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Jaitapur ideal location for nuclear power plant, says NPCIL

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Jaitapur is the ideal location for a nuclear power plant, said S.A. Bharadwaj, Director of Nuclear Power Corporation of India Ltd (NPCIL), adding there are lobbies working against the contentious project, which faced opposition from the locals.

Bharadwaj said in New Delhi on Monday (January 09), the plant is proposed to be set up on barren land at Jaitapur in Raigarh district of Maharashtra at a height of 15 meters from the adjoining villages. The design and development of the 100,000 crore (19 billion US dollars) plant with an installed capacity of 9900 megawatts is being done by Areva of France.

NPCIL expects to begin work on two reactors in Jaitapur shortly and is looking for external funding, after some financial institutions pulled out of it following the controversy.

Anti-nuclear project activists lament Jaitapur is located on a seismic zone and cite the recent Fukushima accident to buttress their argument against it. They claim, the safety and reliability of European Pressurised Reactors or EPRs is questionable, since such Reactors are not operational anywhere in the world. Areva however, claim EPRs are ‘among the most powerful reactors in the world….and ensures an unequalled safety level,” and capable to withstanding external incidents like airplane crashes and seismic vibrations.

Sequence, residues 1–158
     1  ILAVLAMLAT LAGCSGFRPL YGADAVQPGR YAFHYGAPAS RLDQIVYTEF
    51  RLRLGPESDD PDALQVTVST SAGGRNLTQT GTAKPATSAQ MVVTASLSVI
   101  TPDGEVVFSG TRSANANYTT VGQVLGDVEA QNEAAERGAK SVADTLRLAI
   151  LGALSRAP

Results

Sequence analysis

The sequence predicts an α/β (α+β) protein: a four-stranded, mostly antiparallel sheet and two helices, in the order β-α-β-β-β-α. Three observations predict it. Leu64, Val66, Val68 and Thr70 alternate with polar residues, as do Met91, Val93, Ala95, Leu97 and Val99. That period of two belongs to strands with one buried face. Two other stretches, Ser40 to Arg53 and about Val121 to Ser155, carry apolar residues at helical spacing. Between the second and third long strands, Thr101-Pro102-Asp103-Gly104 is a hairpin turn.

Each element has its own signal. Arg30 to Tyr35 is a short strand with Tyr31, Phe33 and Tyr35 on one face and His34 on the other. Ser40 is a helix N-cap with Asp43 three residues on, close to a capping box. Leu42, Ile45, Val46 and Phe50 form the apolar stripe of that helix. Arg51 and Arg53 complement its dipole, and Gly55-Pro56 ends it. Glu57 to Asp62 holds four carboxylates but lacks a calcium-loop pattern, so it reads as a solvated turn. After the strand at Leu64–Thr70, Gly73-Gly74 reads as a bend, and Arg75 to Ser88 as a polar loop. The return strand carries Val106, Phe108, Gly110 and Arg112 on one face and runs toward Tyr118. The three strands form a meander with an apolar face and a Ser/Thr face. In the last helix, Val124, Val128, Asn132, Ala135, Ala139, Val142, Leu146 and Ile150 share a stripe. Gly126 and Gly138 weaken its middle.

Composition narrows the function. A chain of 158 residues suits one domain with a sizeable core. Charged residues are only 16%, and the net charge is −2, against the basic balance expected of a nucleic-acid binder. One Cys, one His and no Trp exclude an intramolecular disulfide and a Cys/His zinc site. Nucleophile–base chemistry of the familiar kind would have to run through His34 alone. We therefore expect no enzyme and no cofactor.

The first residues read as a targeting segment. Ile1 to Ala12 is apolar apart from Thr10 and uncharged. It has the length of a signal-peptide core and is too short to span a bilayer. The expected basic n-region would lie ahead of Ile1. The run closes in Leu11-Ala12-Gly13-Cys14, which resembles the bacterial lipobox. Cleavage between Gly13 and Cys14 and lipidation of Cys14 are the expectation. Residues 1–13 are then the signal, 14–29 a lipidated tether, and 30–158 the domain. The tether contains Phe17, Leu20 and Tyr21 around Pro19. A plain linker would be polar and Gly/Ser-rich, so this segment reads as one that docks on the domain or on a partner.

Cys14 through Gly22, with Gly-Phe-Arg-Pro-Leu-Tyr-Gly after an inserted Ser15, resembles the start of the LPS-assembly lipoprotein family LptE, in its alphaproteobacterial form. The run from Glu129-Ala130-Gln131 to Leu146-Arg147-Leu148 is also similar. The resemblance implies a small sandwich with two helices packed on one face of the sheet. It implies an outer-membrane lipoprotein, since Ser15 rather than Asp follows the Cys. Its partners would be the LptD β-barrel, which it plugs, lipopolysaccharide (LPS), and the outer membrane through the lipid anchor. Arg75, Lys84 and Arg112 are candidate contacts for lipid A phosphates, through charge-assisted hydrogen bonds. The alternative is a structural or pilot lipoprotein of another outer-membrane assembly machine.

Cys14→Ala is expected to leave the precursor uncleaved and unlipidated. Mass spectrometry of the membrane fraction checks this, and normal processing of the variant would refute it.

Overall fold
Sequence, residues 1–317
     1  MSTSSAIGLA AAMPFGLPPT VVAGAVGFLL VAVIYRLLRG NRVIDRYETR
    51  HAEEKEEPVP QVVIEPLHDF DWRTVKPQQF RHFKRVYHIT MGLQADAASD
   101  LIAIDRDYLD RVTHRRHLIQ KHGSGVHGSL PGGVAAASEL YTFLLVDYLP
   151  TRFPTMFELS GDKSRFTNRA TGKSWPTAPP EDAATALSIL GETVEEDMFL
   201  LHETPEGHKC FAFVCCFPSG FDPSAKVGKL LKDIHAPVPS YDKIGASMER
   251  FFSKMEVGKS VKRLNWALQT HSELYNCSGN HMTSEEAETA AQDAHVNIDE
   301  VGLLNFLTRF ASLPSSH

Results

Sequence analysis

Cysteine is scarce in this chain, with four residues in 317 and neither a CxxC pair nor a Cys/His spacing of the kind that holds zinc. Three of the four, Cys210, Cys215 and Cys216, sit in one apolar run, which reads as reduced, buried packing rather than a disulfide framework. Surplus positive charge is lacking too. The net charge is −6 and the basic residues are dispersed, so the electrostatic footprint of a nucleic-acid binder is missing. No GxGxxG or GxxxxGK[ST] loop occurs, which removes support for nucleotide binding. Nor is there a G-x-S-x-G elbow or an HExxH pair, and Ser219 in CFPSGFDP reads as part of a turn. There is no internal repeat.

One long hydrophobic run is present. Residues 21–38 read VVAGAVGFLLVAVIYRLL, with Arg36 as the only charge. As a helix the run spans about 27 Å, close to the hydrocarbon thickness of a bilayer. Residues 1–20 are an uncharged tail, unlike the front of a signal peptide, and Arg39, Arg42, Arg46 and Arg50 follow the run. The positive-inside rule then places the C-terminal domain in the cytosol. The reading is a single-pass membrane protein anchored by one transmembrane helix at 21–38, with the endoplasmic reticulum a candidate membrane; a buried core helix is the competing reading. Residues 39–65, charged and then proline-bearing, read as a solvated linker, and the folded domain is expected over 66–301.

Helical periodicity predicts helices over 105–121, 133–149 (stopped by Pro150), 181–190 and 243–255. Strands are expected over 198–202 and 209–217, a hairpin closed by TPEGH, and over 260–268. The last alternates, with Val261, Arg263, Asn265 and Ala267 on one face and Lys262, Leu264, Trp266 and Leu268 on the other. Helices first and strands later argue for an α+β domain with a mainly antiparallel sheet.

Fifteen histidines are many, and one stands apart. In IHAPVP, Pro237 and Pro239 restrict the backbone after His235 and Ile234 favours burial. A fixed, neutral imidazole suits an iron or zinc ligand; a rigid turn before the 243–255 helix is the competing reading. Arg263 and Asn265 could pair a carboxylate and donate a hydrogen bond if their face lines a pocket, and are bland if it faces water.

International advocacy group Greenpeace, which has been campaigning against the plant, claims the proposed site is a ‘High Damage Risk Zone’, falls in ‘one of the world’s biodiversity hotspots’ and it will put the entire ecosystem at considerable risk. The Seismology Division of Indian Meteorological Department confirmed, the project site is very close to Zone IV and advised to take ‘due consideration’ in the design and construction of vital structures. However, there is no national park or sanctuary located around the site, according to federal Environment Ministry.

NPCIL officials however, said if they are able to get across the agitating locals directly, they could clear the air, but for certain people or groups backing the agitations with a vested interest.

Bharadwaj also said it would take at least six months to resume work on Kudankulam Nuclear Plant being built with Russian technology, once the local protest ends.

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